Photo Album 35 - Restoration Project III

About me
Photo Album 1 - The Road to Minsk
Photo Album 2- The Road to Minsk
Photo Album 3 - The Road to Minsk
Photo Album 4- OS2U Kingfisher
Photo Album 5 - Flakvierling
Photo Album 6 - Building the Flakvierling
Photo Album 7 - Dauntless SBD
Photo Album 8 - Dauntless SBD
Photo Album 9 - Channel Gazing
Photo Album 10 - Stuka and Matilda
Photo Album 11- ME-109 and Spitfire V
Photo Album 12 - Anzio
Photo Album 13 - Anzio
Photo Album 14 - Bastogne Aftermath
Photo Album 15 - Normandy Ambush & more
Photo Album 16 - The First Time I Saw Paris
Photo Album 17- Aachen 1944
Photo Album 18 - Aachen 1944
Photo Album 19 - PT109
Photo Album 20 - "Corner Kick" Curtiss P-40
Photo Album 21 - Building "Corner Kick"
Photo Album 22 - Black Widow
Photo Album 23 - Assorted models
Photo Album 24 - Somewhere in Saudi (A-10)
Photo Album 25 - Top Gun Air Show
Photo Album 26 - Top Gun Airshow 2
Photo Album 27 - The Mother of all Battles
Photo Album 28 - The First Night - F-111
Photo Album 29 - My kids are in on the action - Christian's Dioramas
Photo Album 30 - My kids are in on the action - Nicole's Dinosaurs
Photo Album 31 - Coming Soon - Operation Market Garden
Photo Album 32 - The War Room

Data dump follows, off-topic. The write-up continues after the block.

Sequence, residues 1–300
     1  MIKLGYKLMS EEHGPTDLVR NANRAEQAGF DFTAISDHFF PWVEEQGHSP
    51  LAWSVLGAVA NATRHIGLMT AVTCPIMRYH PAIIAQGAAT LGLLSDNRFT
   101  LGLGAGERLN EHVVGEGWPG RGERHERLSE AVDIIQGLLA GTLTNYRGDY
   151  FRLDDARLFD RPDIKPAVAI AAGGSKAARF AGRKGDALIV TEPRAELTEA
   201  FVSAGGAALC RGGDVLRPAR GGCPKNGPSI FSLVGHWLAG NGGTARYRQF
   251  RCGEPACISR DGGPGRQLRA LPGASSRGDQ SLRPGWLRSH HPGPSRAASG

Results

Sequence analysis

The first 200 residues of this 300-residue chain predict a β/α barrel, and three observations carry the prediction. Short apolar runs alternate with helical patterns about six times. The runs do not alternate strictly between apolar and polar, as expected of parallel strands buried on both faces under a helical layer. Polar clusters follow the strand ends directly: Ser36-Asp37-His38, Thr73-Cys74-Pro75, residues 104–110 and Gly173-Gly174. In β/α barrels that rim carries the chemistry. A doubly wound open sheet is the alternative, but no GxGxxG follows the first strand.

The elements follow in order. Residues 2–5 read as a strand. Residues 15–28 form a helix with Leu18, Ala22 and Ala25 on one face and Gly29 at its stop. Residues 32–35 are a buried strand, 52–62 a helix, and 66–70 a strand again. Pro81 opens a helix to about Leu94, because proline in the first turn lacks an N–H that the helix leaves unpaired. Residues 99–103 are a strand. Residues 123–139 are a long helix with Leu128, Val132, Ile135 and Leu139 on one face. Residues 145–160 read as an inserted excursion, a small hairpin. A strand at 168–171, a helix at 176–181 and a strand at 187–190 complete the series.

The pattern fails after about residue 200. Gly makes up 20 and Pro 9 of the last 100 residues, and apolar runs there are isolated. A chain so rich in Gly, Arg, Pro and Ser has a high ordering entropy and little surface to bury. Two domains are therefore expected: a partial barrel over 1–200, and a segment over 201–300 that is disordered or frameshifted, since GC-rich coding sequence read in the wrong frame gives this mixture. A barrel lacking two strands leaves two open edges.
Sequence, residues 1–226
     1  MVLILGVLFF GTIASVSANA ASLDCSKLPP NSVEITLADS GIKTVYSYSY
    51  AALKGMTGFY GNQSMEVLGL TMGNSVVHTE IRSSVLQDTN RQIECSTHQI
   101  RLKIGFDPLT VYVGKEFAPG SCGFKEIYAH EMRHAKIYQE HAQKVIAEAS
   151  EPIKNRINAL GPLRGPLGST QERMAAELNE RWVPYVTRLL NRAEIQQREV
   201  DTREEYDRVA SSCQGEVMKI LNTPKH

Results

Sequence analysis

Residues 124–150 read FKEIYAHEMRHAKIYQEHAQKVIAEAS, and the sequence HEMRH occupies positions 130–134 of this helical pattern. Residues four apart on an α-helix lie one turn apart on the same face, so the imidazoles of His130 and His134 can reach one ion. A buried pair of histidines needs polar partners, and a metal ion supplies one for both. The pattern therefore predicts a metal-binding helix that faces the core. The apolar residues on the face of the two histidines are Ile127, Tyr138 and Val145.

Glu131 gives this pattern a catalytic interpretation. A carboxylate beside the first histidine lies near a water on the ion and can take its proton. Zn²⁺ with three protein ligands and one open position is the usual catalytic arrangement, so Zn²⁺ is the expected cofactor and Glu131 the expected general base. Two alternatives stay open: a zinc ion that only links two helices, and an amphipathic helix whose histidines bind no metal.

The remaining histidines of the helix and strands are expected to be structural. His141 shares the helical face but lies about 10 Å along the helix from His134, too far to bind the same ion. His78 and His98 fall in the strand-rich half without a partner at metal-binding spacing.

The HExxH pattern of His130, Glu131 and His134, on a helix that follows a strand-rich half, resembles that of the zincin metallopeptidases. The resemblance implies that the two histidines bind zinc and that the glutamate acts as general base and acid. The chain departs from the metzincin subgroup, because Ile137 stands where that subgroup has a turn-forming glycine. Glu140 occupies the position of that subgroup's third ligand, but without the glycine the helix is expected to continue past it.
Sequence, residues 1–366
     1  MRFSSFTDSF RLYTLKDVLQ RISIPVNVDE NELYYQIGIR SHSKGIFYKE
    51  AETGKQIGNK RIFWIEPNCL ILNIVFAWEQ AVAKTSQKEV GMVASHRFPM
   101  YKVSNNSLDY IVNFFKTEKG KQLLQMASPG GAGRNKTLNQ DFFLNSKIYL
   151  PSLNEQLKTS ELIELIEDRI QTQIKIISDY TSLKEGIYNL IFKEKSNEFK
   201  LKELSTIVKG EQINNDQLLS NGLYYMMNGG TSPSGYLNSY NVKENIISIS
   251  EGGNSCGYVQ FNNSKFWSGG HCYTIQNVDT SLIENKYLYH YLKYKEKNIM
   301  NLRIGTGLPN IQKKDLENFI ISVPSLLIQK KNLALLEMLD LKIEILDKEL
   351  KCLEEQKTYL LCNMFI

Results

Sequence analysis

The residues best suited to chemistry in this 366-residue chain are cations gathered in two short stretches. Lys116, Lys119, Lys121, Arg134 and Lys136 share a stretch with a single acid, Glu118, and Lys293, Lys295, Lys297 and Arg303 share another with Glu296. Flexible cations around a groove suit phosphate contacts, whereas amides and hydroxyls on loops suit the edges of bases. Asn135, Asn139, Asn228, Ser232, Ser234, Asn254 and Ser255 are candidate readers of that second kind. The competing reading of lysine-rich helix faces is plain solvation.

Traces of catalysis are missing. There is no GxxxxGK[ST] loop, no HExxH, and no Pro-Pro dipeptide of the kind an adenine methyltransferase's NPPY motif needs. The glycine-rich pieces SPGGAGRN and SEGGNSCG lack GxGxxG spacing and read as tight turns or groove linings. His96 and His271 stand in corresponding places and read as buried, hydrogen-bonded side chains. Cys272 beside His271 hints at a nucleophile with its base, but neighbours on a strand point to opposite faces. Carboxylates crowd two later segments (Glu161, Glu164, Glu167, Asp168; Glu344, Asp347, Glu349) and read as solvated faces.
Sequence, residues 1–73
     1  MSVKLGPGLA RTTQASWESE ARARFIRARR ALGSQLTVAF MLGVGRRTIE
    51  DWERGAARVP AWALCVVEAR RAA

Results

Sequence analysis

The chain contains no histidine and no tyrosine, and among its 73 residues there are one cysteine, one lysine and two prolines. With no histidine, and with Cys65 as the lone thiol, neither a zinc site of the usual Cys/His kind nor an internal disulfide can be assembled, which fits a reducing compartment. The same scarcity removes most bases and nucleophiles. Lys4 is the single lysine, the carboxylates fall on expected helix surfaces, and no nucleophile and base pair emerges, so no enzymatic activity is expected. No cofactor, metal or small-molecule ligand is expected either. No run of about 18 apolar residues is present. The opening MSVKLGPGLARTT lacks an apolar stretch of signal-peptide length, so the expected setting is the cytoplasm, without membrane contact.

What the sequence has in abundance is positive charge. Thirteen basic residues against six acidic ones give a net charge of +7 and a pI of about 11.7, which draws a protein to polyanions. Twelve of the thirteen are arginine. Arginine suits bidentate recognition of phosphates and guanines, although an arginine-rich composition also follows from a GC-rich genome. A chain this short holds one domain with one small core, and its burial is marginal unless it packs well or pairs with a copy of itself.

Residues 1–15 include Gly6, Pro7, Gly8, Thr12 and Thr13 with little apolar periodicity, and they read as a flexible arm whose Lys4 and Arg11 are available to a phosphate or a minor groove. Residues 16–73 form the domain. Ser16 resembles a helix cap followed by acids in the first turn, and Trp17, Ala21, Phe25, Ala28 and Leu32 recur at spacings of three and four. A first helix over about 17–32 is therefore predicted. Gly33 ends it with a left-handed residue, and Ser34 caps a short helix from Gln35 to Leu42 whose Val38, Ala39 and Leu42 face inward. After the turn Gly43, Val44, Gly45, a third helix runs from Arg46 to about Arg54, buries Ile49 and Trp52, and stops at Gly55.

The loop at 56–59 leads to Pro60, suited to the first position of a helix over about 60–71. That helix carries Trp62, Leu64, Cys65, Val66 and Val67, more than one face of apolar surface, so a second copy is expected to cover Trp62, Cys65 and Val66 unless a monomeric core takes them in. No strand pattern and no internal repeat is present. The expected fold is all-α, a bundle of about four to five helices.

Photo Album 33 - Antique Ships Restoration Project
Photo Album 34 - Restoration Project II
Photo Album 35 - Restoration Project III
Photo Album 36 - Restoration Project IV
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The Santa Maria
The finished, restored ship lies on my war room floor, waiting to go back to her perch in the Old Europe Restaurant.


BELOW: The Santa Maria's bow. After the intense wash, this ship had lost most of her color. I experimented with mixed tints of stain and paints to bring back her beauty as best I could. Her bow was actually craked in half from dry rot, so I had to sand down the jagged edges and fill the crack in with filler. I sanded down the whole fore deck, restained it, and here it is. Once the ship was done, I sealed her in a very thin coat of polyurethane.


Below: The Santa Maria's sails. Before washing, the decorations on the sails were virtually invisible. Believe it or not, these sails are made of wood. I took cotton cloth squares that I use to clean my guns and gently swabbed her sails down with antique wood cleaner. I then wiped off the residue with clean swabs, and oiled the sails with tung oil to give them some moisture. When dry, I sealed the sails.


BELOW: Her aft section. All the coloring on her woodwork had vanished, with only a hint of the true colors remaining - just enough for me to color match with paints and stains. I made several attempts to repair her rigging, but it was so brittle and dry that I damaged more than I fixed. Using my air brush, I oiled the rigging down to add moisture and then left well enough alone.


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